In the News

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Jeff Diteman publishes translation of first abolitionist novel
Ph.D. candidate Jeffrey Diteman, working with Aqiil Gopee, has published a new translation of Louis Timagène Houat’s The Maroons (1844) with Restless Books. Diteman and Gopee’s work is the first ever English translation of this essential work of early abolitionist literature. Based on Houat’s
February 8, 2024
New publication by Corine Tachtiris, Assistant Professor of Translation Studies
Translation and Race brings together translation studies with critical race studies for a long-overdue reckoning with race and racism in translation theory and practice. This book explores the "unbearable whiteness of translation" in the West that excludes scholars and translators of color from the
February 8, 2024
Graduate Student Conference on Translation Studies to take place April 20-21, 2024
With the theme "Trace and Transformation," the 2024 Graduate Student Conference on Translation Studies at UMass Amherst seeks to explore the multifaceted and multidisciplinary nature of translation and the traces it preserves, generates, and transforms: from printed words to digital bytes, from
January 2, 2024

Upcoming Events

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29
Mar
Mar 29 9:00 am - Mar 30 5:00 pm ET (Multiday)
Call for Papers: Crossroads VII- Comparative Indigeneities
20
Apr
Apr 20 9:00 am - Apr 21 3:00 pm ET (Multiday)
Graduate Student Conference on Translation Studies
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Comics and Graphic Novels

Professor Chris Couch teaches courses on the graphic novel, animation, and comics, including Comic Art in North America, International Graphic Novel, and International History of Animation. He has served as senior editor at Kitchen Sink Press (Northampton) and editor in chief at CPM Manga (New York). His edited publications have won or were nominated for 17 Eisner and Harvey Awards. Current publications include the edited volume Conversations with Harvey Kurtzman, and a book on Batman artist and editorial cartoonist Jerry Robinson.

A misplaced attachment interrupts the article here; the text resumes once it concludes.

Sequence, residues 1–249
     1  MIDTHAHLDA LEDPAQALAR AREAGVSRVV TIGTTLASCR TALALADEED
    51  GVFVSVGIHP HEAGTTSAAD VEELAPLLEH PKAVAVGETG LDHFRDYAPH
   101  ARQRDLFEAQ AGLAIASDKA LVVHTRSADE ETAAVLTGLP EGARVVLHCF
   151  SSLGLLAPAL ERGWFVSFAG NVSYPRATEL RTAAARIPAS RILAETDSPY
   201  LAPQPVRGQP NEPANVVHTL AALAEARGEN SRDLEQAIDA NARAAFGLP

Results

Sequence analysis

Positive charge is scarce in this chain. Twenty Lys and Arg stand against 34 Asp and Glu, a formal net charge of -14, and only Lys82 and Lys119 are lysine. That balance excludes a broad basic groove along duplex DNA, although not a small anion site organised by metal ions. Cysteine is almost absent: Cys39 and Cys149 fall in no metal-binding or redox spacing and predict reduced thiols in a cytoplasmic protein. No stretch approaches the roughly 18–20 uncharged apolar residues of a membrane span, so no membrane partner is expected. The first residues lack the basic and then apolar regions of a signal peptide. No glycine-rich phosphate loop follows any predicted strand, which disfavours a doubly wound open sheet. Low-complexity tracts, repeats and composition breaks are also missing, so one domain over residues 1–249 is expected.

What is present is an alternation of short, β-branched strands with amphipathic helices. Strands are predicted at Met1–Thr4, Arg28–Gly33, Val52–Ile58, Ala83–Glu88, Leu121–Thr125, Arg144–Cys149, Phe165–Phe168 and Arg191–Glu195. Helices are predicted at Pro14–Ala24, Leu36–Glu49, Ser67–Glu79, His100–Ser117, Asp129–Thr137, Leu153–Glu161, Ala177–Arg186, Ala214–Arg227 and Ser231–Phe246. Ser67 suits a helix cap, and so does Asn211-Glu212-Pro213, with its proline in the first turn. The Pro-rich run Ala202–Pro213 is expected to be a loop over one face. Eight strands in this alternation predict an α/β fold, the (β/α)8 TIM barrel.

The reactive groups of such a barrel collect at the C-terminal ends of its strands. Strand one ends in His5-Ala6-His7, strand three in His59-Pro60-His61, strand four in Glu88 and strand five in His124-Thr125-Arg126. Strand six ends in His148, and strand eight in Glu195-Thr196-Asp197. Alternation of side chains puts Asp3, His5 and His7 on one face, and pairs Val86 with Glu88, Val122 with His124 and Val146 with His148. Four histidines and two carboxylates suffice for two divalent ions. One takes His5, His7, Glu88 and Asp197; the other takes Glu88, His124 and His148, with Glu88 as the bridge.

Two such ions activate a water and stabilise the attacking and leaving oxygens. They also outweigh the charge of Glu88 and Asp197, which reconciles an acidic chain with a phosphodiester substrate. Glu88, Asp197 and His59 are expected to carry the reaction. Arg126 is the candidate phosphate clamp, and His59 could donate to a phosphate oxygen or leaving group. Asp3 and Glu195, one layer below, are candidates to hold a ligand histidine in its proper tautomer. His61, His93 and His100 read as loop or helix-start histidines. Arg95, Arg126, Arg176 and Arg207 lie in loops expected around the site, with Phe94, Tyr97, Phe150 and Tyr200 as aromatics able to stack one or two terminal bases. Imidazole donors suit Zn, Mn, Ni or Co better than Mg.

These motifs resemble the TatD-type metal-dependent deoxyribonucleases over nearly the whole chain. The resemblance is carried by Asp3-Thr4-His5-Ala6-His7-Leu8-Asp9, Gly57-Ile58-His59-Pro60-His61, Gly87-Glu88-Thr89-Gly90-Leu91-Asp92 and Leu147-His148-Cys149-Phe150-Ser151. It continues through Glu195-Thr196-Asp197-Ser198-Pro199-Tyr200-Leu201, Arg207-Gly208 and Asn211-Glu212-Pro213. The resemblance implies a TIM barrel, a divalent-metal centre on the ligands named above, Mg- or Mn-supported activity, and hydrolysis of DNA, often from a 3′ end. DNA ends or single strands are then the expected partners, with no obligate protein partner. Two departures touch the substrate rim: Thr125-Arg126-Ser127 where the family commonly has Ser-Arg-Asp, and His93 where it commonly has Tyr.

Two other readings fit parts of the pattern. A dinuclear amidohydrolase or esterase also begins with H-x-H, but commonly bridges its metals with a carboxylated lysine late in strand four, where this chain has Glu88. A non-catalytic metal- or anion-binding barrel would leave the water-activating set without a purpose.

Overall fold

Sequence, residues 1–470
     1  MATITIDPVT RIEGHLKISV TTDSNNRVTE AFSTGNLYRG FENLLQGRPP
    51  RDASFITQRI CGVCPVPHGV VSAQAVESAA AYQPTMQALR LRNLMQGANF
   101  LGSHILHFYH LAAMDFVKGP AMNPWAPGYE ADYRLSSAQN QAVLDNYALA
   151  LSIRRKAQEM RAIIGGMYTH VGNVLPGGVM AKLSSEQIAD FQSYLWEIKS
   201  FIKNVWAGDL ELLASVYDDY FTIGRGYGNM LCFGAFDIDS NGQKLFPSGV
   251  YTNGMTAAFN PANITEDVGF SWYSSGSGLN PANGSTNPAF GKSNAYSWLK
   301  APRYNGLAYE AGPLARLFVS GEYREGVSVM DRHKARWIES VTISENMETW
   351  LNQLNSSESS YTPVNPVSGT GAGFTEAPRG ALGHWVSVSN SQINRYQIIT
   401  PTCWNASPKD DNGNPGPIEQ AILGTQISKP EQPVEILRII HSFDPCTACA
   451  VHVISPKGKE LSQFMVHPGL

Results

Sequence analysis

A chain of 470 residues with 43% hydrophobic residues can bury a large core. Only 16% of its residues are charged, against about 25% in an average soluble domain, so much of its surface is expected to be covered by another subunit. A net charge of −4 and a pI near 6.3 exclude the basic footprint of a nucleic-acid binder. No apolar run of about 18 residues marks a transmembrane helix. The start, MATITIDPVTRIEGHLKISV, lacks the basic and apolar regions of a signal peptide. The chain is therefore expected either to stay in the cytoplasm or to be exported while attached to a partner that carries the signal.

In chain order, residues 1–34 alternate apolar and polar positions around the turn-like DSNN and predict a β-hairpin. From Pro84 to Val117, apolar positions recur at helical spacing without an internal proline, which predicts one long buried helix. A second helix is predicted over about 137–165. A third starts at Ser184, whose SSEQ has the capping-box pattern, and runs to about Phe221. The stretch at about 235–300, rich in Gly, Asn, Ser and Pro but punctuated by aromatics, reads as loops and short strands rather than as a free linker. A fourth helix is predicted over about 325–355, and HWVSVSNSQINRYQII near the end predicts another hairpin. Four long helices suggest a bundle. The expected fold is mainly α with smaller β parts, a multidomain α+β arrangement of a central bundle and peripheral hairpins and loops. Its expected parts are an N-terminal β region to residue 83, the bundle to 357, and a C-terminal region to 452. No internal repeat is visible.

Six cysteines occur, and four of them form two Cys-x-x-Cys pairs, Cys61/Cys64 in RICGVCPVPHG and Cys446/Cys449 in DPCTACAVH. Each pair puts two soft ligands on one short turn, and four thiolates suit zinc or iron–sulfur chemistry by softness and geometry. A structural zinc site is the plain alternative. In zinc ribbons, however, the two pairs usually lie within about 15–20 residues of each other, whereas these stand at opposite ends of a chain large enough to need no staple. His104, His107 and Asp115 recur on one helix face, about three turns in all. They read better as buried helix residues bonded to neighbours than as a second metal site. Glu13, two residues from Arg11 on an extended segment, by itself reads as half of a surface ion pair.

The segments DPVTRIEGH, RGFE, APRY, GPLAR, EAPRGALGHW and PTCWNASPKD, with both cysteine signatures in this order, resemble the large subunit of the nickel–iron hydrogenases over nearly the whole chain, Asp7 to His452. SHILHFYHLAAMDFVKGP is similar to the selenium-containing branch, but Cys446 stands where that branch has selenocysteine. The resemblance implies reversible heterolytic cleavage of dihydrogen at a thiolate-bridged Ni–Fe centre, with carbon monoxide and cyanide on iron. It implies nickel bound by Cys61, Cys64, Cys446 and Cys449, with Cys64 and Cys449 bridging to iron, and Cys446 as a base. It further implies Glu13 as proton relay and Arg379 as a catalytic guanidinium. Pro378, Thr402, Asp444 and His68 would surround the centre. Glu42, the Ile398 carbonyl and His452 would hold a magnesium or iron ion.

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Film Concentration

Comparative Literature film courses explore multiple cultures, languages, and genres, with an emphasis on film theory and analysis. These courses include Introduction to Film Analysis: Cinematic Time Travel, International Film, Cinema and Psyche, International Science Fiction, Polish Film, and International History of Animation. In addition to fulfilling requirements in the Comp Lit major tracks, our film courses fulfill Gen Ed requirements and count towards the Film Studies Certificate.

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Translation and Interpreting Studies

Our program in Translation and Interpreting Studies provides a grounding in translation and interpreting theory and research, practical expertise in translation and interpreting, an introduction to translation and interpreting technologies, and experience in creating and analyzing written and spoken translations. We offer Certificates in Translation and Interpreting Studies at both the undergraduate and graduate levels. For more information about our undergraduate and graduate courses and certificates, see Translation and Interpreting Studies.

 

Nina Jones

What Our Students Say

As an aspiring graphic novelist, I felt it was necessary to study literature to learn about storytelling in an academic setting. I chose comparative literature as a secondary major because it allows me to do that across a wide variety of media—rather than strictly texts—and lets me pursue my passions for language and art history. It is a flexible and dynamic course of study that enriched both my art practice and worldview. The advisors and professors were very helpful in integrating my comp lit curriculum with my primary studio art major, which was demanding at times.

Nina Jones '22

Double Major in Studio Art and Comparative Literature